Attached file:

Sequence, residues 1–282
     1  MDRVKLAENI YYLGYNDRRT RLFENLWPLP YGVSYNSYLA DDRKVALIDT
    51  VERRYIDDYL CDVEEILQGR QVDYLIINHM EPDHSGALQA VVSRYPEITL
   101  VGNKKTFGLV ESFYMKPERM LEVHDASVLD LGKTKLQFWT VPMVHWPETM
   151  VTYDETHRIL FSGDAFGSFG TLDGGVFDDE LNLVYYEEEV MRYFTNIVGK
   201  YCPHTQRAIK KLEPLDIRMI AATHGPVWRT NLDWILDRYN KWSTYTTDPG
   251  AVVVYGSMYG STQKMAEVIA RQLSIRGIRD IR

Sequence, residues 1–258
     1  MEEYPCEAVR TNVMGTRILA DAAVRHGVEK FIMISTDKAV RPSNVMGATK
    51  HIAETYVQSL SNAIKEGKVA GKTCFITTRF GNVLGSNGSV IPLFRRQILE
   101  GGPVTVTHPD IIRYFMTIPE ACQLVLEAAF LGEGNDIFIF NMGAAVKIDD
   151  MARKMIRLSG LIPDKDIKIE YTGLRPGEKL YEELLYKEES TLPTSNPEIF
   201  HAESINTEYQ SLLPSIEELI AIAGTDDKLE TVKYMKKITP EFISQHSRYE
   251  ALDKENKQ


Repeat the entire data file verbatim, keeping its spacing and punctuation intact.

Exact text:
Sequence, residues 1–282
     1  MDRVKLAENI YYLGYNDRRT RLFENLWPLP YGVSYNSYLA DDRKVALIDT
    51  VERRYIDDYL CDVEEILQGR QVDYLIINHM EPDHSGALQA VVSRYPEITL
   101  VGNKKTFGLV ESFYMKPERM LEVHDASVLD LGKTKLQFWT VPMVHWPETM
   151  VTYDETHRIL FSGDAFGSFG TLDGGVFDDE LNLVYYEEEV MRYFTNIVGK
   201  YCPHTQRAIK KLEPLDIRMI AATHGPVWRT NLDWILDRYN KWSTYTTDPG
   251  AVVVYGSMYG STQKMAEVIA RQLSIRGIRD IR

Sequence, residues 1–258
     1  MEEYPCEAVR TNVMGTRILA DAAVRHGVEK FIMISTDKAV RPSNVMGATK
    51  HIAETYVQSL SNAIKEGKVA GKTCFITTRF GNVLGSNGSV IPLFRRQILE
   101  GGPVTVTHPD IIRYFMTIPE ACQLVLEAAF LGEGNDIFIF NMGAAVKIDD
   151  MARKMIRLSG LIPDKDIKIE YTGLRPGEKL YEELLYKEES TLPTSNPEIF
   201  HAESINTEYQ SLLPSIEELI AIAGTDDKLE TVKYMKKITP EFISQHSRYE
   251  ALDKENKQ